Tags » Zooplankton

Shell condition and survival of Puget Sound pteropods are impaired by ocean acidification conditions

We tested whether the thecosome pteropod Limacina helicina from Puget Sound, an urbanized estuary in the northwest continental US, experiences shell dissolution and altered mortality rates when exposed to the high CO2, low aragonite saturation state (Ωa) conditions that occur in Puget Sound and the northeast Pacific Ocean. 239 more words

Science

whale chasers

It would be hard for me to convey my level of excitement when Sarah invited Devin and I to go out on the boat with them. 678 more words

"Celebrity Zooplankton" by Richard F. Yates

Tonight’s Celebrity Zooplankton is Jeffery Wells!

Wells is a finisher at a luxury transportation vehicle manufacturer in Lake Michigan, as well as being a devoted husband and father to three adorable little larvae. 117 more words

Art

Zooplankton

Zooplankton /ˌzoʊ.əˈplŋktən/ are heterotrophic (sometimes detritivorous) plankton. Plankton are organisms drifting in oceans, seas, and bodies of fresh water. The word “zooplankton” is derived from the Greek zoon (ζῴον), meaning “animal”, and planktos (πλαγκτός), meaning “wanderer” or “drifter”.[1] Individual zooplankton are usually microscopic, but some (such as jellyfish) are larger and visible with the naked eye.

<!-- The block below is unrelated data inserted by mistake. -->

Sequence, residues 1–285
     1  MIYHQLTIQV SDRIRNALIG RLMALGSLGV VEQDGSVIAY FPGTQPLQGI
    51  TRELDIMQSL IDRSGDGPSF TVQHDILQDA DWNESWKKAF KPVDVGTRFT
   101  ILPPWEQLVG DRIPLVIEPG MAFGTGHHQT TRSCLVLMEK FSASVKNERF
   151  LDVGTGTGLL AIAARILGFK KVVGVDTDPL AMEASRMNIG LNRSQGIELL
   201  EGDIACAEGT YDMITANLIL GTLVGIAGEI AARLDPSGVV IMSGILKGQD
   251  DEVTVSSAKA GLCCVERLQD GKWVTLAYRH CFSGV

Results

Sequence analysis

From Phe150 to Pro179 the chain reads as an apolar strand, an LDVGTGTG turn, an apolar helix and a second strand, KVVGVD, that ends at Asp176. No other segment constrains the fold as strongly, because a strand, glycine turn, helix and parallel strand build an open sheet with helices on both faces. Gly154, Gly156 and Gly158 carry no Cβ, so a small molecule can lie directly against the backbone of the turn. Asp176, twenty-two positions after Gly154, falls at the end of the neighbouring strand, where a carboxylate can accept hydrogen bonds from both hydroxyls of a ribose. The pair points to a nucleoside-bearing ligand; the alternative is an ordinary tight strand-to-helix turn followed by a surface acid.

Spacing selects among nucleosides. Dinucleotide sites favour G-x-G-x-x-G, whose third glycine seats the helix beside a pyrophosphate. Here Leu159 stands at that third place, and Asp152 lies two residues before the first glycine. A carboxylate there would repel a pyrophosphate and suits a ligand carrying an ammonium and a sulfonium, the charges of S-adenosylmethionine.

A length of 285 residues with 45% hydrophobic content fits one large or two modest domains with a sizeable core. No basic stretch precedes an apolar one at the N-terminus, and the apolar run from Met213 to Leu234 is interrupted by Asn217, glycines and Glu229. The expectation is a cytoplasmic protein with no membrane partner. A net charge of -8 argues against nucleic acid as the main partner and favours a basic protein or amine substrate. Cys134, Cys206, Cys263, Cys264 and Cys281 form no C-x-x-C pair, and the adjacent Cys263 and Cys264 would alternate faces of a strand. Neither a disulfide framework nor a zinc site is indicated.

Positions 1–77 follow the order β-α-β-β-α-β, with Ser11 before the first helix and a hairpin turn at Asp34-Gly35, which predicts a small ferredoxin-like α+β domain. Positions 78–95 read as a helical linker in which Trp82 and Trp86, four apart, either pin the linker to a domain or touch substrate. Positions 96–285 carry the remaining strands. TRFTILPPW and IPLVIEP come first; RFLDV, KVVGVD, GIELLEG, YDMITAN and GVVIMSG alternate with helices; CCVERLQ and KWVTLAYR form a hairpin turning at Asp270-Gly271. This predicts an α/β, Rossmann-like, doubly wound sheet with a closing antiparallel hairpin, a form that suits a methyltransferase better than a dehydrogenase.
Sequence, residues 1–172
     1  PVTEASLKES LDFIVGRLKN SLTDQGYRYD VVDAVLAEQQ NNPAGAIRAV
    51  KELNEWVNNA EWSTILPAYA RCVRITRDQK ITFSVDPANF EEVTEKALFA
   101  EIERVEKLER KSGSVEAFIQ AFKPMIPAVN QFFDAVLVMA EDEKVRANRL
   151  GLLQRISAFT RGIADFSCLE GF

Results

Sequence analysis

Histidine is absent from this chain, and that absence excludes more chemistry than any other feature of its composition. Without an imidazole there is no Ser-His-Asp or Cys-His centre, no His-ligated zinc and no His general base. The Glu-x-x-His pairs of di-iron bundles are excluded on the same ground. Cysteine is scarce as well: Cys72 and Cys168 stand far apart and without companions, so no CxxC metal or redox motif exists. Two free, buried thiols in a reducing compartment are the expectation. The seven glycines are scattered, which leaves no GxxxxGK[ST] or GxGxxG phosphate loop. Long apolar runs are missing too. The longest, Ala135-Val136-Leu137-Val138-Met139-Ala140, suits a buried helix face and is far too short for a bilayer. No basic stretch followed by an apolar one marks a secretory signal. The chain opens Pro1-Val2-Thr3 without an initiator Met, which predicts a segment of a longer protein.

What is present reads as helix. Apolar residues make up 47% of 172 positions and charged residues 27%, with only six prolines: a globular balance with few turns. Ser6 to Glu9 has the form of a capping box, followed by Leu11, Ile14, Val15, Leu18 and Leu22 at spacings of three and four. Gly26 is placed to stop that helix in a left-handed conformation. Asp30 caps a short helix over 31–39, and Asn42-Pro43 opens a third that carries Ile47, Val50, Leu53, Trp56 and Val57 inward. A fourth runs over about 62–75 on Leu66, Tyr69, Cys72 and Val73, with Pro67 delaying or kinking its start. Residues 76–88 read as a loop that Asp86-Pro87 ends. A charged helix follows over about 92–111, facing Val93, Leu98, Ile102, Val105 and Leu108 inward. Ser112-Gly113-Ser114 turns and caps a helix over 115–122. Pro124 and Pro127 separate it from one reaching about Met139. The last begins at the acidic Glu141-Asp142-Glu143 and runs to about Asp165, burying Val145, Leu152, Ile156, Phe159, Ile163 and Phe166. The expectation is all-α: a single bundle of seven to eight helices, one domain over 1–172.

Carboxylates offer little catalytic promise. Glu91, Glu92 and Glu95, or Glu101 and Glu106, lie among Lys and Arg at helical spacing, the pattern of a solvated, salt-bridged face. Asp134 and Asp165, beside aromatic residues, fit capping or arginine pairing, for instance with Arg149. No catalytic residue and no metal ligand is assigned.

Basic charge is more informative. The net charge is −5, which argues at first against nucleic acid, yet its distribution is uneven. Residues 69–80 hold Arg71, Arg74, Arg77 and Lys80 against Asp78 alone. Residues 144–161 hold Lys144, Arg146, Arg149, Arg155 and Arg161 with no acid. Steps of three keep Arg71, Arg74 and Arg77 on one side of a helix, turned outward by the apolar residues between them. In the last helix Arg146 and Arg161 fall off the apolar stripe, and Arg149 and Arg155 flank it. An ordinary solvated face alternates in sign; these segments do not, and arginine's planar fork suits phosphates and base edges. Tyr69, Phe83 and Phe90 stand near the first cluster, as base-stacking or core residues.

Zooplankton

Zooplankton /ˌzoʊ.əˈplŋktən/ are heterotrophic (sometimes detritivorous) plankton. Plankton are organisms drifting in oceans, seas, and bodies of fresh water. The word “zooplankton” is derived from the Greek zoon (ζῴον), meaning “animal”, and planktos (πλαγκτός), meaning “wanderer” or “drifter”.[1] Individual zooplankton are usually microscopic, but some (such as jellyfish) are larger and visible with the naked eye.

Zooplankton

Zooplankton /ˌzoʊ.əˈplŋktən/ are heterotrophic (sometimes detritivorous) plankton. Plankton are organisms drifting in oceans, seas, and bodies of fresh water. The word “zooplankton” is derived from the Greek zoon (ζῴον), meaning “animal”, and planktos (πλαγκτός), meaning “wanderer” or “drifter”.[1] Individual zooplankton are usually microscopic, but some (such as jellyfish) are larger and visible with the naked eye.

Coping with climate change? Copepods experience drastic variations in their physicochemical environment on a diurnal basis

Migratory zooplankton, such as copepods experience widely varying conditions in their physicochemical environment on a diurnal basis. The amplitude of the fluctuations may affect the copepods’ ability to respond to climate change. 174 more words

Science